Letterpress printing on iPad

Letterpress printing on iPad

July 8th, 2011 // 3:23 pm @

I came across a new iPad app called letterMpress – the one sentence description: it is a Letterpress on your iPad.

State of the art for 500 years

A Letterpress printing is a an early form of mass printing developed in the 1400Æs by Johannes Gutenberg. A Letterpress uses raised letters that are arranged in a frame and inked using a roller to apply ink to the lettersÆ surfaces. Paper is then pressed on to the raised letters, which transfers the letters on to the page, making it possible to print books and other printed materials in large numbers in a relatively short period of time.

LetterMPress sample

LetterMPress sample

The Letterpress made books and other printed materials more affordable for the general population, giving rise to the broad availability of books, newspapers, flyers, various printed materials. The Letterpress was in wide-spread use for 500 years, until the late 20th century, where it was replaced with more efficient and flexible printing methods including offset printing.

Letterpress printing revived in form of art

The LetterMPress iPad app revives the Letterpress printing press and design process by simulating a letterpress. The app includes a number of fonts, graphics, and paper styles. You can change ink colors, change the size of text, and arrange letters in any way you like. The app also includes details like locks to fix letters in place, æfurnitureÆ (wood blocks that provide spacing), and other elements that are commonly used in letterpress printing.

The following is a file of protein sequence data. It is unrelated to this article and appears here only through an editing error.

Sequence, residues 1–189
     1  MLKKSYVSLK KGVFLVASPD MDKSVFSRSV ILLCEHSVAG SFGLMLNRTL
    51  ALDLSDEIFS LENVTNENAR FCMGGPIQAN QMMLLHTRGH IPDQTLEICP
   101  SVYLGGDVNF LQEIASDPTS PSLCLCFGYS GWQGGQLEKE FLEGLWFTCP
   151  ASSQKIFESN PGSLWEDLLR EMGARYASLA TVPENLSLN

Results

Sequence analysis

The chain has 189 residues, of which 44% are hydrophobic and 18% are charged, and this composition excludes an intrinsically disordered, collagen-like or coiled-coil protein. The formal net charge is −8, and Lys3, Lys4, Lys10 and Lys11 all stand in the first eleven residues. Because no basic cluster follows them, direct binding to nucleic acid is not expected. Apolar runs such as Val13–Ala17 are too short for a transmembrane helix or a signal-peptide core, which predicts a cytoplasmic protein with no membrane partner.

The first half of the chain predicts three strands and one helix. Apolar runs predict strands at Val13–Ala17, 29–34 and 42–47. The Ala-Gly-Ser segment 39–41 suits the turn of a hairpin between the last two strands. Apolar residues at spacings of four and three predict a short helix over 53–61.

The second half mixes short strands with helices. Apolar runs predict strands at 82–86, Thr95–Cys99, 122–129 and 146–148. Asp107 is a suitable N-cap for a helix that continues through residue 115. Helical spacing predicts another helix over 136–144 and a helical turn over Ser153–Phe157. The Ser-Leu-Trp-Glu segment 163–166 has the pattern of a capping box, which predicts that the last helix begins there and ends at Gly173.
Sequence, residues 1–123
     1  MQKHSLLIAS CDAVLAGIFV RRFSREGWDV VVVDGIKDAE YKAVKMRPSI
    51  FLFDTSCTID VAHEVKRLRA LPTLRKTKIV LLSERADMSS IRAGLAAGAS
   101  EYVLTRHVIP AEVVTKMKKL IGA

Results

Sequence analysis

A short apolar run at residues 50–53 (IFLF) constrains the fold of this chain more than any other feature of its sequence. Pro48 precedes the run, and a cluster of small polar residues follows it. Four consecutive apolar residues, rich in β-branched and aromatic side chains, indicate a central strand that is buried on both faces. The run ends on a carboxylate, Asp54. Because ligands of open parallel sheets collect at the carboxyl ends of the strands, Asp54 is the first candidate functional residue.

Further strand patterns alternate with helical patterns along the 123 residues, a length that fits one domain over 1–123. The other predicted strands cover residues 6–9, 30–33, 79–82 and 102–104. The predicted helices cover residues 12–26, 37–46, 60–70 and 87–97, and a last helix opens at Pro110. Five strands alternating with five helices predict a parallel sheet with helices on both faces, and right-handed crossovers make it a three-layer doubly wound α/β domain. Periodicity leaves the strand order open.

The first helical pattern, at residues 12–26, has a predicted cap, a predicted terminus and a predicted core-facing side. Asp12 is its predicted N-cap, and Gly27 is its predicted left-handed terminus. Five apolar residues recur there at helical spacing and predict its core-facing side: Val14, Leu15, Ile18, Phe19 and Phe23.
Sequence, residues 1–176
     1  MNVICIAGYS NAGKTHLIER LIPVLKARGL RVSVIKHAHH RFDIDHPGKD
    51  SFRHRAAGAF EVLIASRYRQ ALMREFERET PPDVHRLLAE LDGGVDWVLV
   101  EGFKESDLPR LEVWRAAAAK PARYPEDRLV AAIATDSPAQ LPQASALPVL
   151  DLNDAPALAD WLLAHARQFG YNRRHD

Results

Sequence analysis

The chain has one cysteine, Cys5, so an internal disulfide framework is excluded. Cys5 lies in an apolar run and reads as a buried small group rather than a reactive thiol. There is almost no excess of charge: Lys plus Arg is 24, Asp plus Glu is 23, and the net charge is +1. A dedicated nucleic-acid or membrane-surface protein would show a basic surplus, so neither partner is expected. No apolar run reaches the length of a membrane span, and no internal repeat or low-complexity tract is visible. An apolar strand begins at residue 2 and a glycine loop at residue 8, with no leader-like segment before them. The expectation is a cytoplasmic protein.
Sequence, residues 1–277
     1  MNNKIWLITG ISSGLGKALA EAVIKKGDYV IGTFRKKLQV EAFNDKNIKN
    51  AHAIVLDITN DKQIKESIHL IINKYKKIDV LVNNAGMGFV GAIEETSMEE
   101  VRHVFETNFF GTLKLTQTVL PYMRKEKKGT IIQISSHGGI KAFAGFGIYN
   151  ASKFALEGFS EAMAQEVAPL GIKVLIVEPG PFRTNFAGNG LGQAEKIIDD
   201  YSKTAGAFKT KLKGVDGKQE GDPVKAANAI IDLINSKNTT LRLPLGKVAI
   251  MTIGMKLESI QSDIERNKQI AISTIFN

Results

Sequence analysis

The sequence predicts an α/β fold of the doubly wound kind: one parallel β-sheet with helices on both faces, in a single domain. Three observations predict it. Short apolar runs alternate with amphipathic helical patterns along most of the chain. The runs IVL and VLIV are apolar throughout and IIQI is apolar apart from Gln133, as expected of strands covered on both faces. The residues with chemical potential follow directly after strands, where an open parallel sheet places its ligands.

Little documentation is actually a great feature

The appÆs help documentation is limited, yet that turns out to be a great feature since it forced me to experiment with the appÆs capabilities. Lettering can be resized and moved however you like (letters have minimum and maximum sizes), and you donÆt necessarily have to lock everything in place before you print – I was glad to discover this because it made experimentation much easier. As with the real letterpress, you can print in only one colour yet you can print multiple times on a single page to achieve effects similar to those on the appÆs web site.

Paper styles rage in color and texture, including a transparent paper that shows up white in the app. The transparent paper is great for using the resulting PNG for logos and other objects where having a transparent background is useful.

Minor issues, easy work-arounds

The app has a few minor bugs, which can get really annoying at times. For example, when placing and rotating æfurnitureÆ, the app can drop the furniture on your letters, pushing them out of the way. Rotating the furniture can be a challenge, yet is easily resolved by zooming in to the press to make everything bigger and easier to manipulate. Selections can be picky: I could be working with a letter or any other thing, and suddenly it becomes unresponsive – I cannot move it around or do anything with it. The simple fix is to just tap elsewhere on the screen and try again. ItÆs an annoying bug but the work around is easy enough.

I have created a couple of prints so far, and am using one for a logo for one of my sites. I like the potential this app offers – I imagine that theyÆll make new fonts, paper styles and other things available for purchase in the app.

Although IÆm pretty good with PhotoShop, I really like LetterMPress for its creative aspects and that it forces me to focus on layout instead of playing around with other features. Great work, and I look forward to updates to resolve some of the bugs and add new capabilities.

Resources

  • LetterMPress is available through the iPad app store and is currently priced at $5.99.
  • Previews and other samples are available at LetterMPress.com

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